The above three places, when implemented, all had to make the tattoo mark one inch and five points long and five points wide. This kind of tattoo mark can be deeply imprinted on a person's bones. During the Tang Dynasty's Zhenyuan period, Duan Chengshi (803-863, a famous Tang Dynasty novelist) passed through a place called Huangkeng. His entourage picked up the skull of a dead person, intending to use it for medicine. He saw a piece of bone with the words "runaway slave" on it, the color like light ink. Duan Chengshi judged that this was the skull of a person who had been tattooed in ancient times, and it might be the remains of a runaway slave from the Jin Dynasty. The cruelty of the tattooing punishment can be seen from this.

The Tang Dynasty notes "Youyang Zazu" is a collection that preserves a large amount of historical data, anecdotes, and folk customs from the Tang Dynasty. It records a note about tattooing. There were many tattooed teenagers in Chang'an City. The Jingzhao Yin (official name of Chang'an) Xue Gong (a person's name) couldn't bear their worries. He secretly reported to the emperor and suddenly teamed up with various neighborhood chiefs, leading two thousand soldiers to arrest them, catching three thousand people. There was no time for individual trials at the time, so everyone was beaten to death with a board. Among them, a man named Wang Linu had the finest tattoos, with his whole body covered in landscapes, birds, beasts, figures, flowers, and various patterns, colorful. But he also couldn't escape death. (It can be seen that the level of manual tattooing at that time was already very exquisite.)

"Water Margin" was written at the end of the Yuan Dynasty and the beginning of the Ming Dynasty, authored by Shi Nai'an and edited by Luo Guanzhong. It has many versions, is widely circulated, and is well-known. It has had a profound impact on Chinese and even East Asian narrative literature. Among the thirty-six heavenly spirits in "Water Margin," most have been in prison, and each person's face is tattooed with words like [tattoo match]. Among them, the prodigal son Yan Qing is even tattooed with a full body of peony flowers. It can be seen that the tattooing technology at that time had already reached a considerable level.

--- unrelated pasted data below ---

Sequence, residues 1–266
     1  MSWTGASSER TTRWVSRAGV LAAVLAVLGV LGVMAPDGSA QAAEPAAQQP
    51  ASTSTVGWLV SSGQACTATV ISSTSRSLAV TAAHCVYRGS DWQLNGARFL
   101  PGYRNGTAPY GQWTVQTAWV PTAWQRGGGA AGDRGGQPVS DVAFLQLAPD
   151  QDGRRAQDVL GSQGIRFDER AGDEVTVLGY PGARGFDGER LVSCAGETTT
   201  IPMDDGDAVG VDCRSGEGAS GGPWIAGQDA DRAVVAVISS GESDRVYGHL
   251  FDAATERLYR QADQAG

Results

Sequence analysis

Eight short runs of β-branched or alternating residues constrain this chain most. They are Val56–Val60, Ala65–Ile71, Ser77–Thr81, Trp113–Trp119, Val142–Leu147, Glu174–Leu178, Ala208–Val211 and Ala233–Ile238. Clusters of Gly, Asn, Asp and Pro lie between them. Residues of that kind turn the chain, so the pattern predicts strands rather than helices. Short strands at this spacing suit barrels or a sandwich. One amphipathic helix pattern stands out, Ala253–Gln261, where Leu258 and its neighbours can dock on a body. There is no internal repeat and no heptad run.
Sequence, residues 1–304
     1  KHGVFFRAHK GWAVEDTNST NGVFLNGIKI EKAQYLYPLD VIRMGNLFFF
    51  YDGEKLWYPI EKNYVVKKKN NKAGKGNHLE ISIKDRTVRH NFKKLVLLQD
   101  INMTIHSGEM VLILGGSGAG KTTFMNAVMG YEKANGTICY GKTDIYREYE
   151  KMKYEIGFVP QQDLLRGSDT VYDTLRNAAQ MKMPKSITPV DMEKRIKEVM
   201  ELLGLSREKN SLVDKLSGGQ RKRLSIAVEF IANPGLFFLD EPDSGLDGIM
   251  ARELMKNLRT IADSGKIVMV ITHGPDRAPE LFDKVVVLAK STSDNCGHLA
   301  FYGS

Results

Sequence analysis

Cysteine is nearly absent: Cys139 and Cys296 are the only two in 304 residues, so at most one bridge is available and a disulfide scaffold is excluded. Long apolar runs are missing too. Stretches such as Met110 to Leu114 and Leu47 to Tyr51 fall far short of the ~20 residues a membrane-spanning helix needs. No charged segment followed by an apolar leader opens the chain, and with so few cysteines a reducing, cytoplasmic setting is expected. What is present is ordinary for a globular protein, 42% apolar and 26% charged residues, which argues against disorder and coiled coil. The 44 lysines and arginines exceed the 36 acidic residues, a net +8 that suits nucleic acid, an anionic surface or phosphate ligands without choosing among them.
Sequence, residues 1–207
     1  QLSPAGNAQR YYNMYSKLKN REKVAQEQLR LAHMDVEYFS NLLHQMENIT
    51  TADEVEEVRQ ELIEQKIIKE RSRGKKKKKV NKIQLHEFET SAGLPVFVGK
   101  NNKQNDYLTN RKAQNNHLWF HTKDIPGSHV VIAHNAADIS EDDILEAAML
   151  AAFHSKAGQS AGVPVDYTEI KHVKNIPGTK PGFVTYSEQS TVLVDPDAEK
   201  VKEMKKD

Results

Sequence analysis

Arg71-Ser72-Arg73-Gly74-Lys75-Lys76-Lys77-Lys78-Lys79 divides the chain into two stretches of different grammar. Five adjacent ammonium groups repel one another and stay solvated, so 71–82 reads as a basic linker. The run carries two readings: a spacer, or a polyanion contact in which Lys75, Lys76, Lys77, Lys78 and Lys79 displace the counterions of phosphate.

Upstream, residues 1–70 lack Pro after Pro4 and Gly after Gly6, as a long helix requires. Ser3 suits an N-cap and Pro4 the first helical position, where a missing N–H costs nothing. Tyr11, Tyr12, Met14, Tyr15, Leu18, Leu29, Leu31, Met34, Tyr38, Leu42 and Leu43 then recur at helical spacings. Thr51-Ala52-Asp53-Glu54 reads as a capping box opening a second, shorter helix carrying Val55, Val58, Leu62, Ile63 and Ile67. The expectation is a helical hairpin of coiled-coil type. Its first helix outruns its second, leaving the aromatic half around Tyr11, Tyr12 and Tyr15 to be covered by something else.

During the Southern Song Dynasty, Yue Fei's mother, Madam Yao, tattooed the words "Jing Zhong Bao Guo" (Loyalty to the Country) on Yue Fei's back to encourage him to fight bravely against the enemy. From this, it can be seen that during the Song and Yuan periods, tattooing was a socially recognized heroic act and something that young heroes were willing to do. Before the Qin Dynasty, there were roughly three types of tattooing.

The first was tattooing behavior focused on aesthetics or bravery. The second was "strong man tattooing" related to military control. On those with military merits, the

words "loyal heart to the country" were tattooed on their arms, probably inspired by Yue Fei. At the turn of the two Songs, there were many soldiers who were tattooed to show their loyalty, and some were even regarded as symbols of loyalty.

The third was the mo punishment as a criminal law. After the Tang and Song Dynasties, the tattooing technology improved a lot compared to its application in criminal law, but similar behaviors motivated by individual consciousness also began to take the stage in history.

4.The Development of Tattoos Among Chinese Ethnic Minorities

Various ethnic groups in China have had tattoos, but not many remain today. The main ones include the Li, Gaoshan, Zhuang, Bouyei, Dai, Yi, Derung, Jino, Jingpo, Wa, De'ang, Blang, and Luoba in the southern (South China and Southwest) regions, and the Qiang and Tujia in the northwest region. Among them, the tattoo customs of the Li, Gaoshan, Dai, and Derung are the most prominent.

Dai Ethnic

(1) Introduction to Dai Ethnic Tattooing

Among the various ethnic groups in Xishuangbanna, mainly the Dai and Bulang men have the custom of tattooing. They tattoo various patterns on their legs, chest, back, and arms with needles, and then apply indigo or bile to make it blue and permanent, which is a very painful process. According to the modern book

A tattoo artist tattooing a man with a spiked branch covered in tattoo ink

"Cheli", tattoo patterns can be broadly divided into four categories: animals, such as elephants, tigers, leopards, dragons, horses, deer, monkeys, etc.; patterns like clouds, squares, circles, flowers, etc.; text, such as Dai Buddhist mantras and sutras; and others, such as curves, straight lines, geometric shapes, etc. There are different opinions on why people get tattoos, not only among scholars but also among those who get tattooed. In fact, tattooing as a custom has a history of development and evolution. Before the Tang Dynasty, ancient Chinese texts mentioned that the Yue people "revered witches and ghosts" and "feared ghosts and gods". The tattooing of various ethnic groups, including the Dai, originated from the Yue people's "hair cutting and tattooing". The earliest reason, as mentioned in the book "Huainanzi", is that "land matters are observed, and water matters are numerous, so people are tattooed to resemble scale insects", that is, "to resemble the shape of a flood dragon, so as to enter the water without being harmed by the flood dragon". This is a primitive mentality of biomimicry, seeking to live in harmony with nature.